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Hashimoto's Diet, Is There Such A Thing?

It would be wonderful if there was a one-size-fits-all diet for individuals with Hashimoto's, but unfortunately, that's not the case.

Each person's dietary needs and triggers can vary, making it essential to personalize the approach. While it may seem vague, there are some considerations to help you navigate your diet if you're just starting out and unsure where to begin.

Remember, Hashimoto's is an autoimmune disease, so it's crucial to examine your diet for potential common autoimmune triggers, such as:

  • Gluten: Studies have shown that a gluten-free diet can help improve hypothyroid symptoms and reduce thyroid antibody counts. It's worth considering removing other grains as well since they can cross-react with gluten.

  • Dairy: Dairy shares a similar protein structure with gluten, so eliminating dairy along with gluten might be beneficial when trialing a gluten-free diet.

  • Lectins: Found in nightshades, seeds, and nuts, lectins have a protein structure similar to thyroid tissue. Consuming foods containing lectins could potentially trigger an immune response against your thyroid.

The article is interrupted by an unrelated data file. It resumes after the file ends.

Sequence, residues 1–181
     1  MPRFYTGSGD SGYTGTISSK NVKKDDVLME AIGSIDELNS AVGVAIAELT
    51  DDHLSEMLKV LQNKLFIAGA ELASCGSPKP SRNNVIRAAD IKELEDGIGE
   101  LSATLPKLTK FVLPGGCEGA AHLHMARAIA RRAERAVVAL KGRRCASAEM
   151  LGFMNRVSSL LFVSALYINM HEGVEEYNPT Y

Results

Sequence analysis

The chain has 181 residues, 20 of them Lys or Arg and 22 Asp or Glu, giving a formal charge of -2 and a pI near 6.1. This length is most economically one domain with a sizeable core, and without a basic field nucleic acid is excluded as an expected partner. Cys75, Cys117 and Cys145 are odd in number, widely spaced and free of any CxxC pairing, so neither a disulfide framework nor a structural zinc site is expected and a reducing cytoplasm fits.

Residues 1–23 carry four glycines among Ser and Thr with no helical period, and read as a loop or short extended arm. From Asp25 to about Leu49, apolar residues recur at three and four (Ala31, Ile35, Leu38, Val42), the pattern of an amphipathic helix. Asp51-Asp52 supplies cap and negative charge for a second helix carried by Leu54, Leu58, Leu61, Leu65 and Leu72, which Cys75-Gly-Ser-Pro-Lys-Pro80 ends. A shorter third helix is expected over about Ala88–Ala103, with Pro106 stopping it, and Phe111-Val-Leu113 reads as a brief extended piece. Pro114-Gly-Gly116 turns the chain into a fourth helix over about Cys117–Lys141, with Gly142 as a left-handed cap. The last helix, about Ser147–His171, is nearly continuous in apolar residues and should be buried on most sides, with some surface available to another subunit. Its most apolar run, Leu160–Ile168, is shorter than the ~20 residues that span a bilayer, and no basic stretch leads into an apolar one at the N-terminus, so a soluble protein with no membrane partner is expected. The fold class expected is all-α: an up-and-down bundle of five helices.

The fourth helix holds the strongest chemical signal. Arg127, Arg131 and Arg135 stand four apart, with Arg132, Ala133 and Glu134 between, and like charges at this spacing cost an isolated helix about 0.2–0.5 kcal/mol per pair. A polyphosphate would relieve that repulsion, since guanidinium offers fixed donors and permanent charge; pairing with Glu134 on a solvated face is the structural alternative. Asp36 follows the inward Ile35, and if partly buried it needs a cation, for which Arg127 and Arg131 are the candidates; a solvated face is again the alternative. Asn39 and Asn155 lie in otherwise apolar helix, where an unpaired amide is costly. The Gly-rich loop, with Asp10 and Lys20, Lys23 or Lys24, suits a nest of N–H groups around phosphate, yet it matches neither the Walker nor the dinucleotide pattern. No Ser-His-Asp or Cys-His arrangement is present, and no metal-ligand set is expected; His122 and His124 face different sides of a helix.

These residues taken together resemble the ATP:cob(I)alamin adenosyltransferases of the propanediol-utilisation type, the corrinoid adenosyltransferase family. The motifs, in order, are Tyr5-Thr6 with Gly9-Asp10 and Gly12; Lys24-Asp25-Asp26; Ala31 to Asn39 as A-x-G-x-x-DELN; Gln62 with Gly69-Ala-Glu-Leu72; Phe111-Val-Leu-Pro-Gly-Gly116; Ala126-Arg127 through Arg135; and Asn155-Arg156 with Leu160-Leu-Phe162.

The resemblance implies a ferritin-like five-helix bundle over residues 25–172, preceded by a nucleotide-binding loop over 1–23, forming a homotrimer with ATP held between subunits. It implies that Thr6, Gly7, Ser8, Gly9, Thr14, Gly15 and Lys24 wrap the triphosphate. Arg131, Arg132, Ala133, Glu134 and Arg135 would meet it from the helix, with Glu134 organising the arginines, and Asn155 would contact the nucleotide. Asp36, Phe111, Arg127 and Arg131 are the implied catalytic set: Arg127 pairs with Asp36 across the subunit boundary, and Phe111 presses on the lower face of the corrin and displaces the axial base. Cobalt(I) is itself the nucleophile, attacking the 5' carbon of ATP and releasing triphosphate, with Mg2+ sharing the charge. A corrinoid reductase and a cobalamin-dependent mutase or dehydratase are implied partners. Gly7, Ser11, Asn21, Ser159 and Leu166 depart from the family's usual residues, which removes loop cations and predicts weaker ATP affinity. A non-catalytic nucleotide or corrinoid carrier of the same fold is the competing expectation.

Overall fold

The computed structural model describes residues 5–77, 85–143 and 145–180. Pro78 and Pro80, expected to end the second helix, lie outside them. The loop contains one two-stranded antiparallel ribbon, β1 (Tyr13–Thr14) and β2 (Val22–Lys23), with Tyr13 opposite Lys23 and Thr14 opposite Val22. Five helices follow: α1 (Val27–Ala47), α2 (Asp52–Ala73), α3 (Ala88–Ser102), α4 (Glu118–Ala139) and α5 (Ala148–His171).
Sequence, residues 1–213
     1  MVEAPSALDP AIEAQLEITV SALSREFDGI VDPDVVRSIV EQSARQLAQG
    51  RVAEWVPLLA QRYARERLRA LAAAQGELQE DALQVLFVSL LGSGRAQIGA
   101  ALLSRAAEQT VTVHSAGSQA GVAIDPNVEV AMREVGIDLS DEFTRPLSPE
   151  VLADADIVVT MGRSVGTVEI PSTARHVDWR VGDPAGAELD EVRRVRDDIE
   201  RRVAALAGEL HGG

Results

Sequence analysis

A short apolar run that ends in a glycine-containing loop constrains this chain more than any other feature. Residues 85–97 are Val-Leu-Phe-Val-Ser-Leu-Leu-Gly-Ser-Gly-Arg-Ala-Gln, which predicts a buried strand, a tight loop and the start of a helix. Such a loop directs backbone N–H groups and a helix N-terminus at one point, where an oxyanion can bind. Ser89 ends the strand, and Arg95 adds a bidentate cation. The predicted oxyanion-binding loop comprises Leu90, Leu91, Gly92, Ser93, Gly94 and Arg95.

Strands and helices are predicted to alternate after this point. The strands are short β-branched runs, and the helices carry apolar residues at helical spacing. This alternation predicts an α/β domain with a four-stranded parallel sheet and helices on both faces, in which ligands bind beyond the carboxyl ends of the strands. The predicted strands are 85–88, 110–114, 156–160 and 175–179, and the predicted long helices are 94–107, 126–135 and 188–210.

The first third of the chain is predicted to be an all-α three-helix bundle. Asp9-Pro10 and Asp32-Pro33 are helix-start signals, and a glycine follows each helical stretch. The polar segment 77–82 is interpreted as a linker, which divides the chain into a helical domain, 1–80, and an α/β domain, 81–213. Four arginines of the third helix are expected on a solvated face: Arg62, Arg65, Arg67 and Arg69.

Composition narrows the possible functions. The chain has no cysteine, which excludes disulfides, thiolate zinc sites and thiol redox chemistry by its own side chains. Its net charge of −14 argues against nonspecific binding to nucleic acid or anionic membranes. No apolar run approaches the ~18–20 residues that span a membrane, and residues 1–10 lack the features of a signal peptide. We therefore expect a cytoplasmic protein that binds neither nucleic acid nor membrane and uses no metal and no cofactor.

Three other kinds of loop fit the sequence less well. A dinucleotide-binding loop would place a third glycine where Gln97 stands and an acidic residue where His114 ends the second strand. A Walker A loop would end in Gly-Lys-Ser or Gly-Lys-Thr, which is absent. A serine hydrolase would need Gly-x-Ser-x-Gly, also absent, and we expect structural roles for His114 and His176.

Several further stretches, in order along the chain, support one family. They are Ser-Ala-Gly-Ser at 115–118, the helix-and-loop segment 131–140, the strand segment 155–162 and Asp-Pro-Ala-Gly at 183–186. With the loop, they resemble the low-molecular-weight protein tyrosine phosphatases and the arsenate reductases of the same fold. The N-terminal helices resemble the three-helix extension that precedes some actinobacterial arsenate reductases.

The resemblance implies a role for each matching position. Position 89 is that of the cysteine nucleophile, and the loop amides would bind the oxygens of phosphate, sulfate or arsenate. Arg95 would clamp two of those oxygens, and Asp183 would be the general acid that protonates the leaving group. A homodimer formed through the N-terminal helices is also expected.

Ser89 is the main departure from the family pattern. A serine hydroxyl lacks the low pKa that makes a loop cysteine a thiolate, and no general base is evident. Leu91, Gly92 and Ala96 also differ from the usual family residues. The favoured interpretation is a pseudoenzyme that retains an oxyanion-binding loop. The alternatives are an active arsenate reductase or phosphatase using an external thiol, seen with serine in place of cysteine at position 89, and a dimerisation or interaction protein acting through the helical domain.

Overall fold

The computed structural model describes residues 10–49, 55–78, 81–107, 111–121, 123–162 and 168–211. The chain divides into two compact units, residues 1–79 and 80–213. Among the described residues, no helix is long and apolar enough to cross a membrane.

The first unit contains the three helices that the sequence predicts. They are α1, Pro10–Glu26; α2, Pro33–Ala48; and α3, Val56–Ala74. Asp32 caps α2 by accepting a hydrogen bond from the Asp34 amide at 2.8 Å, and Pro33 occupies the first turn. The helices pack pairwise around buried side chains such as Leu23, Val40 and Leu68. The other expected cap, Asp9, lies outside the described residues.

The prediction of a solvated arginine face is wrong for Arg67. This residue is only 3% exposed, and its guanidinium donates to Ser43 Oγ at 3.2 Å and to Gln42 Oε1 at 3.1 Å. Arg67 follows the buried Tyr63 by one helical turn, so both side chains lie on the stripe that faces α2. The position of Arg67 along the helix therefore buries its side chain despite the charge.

• Salt: A high-salt diet has been associated with autoimmune response. It may be beneficial to reduce processed food consumption, which tends to be high in sodium, and limit excessive salt intake.

Based on extensive training and clinical experience, a gluten and dairy-free diet is often a good starting point for many individuals with Hashimoto's. However, if you've tried eliminating different foods without experiencing symptom improvement, it may be necessary to delve deeper.

Thanks to the work of researchers like Dr. Datis Kharrazian, specific food proteins that cross-react with thyroid tissue have been identified. In such cases, food sensitivity testing (IgA/IgG) can provide valuable insights and further personalize your approach.

Keep in mind that not all food sensitivity tests are equal, and it's advisable to opt for reputable laboratories like Cyrex Laboratories for accurate results.

However, it's essential to note that diet may not be the primary trigger for everyone, and exploring non-dietary triggers will be discussed in a separate post.

Finding the right dietary approach for Hashimoto's requires patience and a willingness to experiment. Working with a healthcare professional experienced in autoimmune conditions can provide guidance and support in tailoring your diet to your specific needs.


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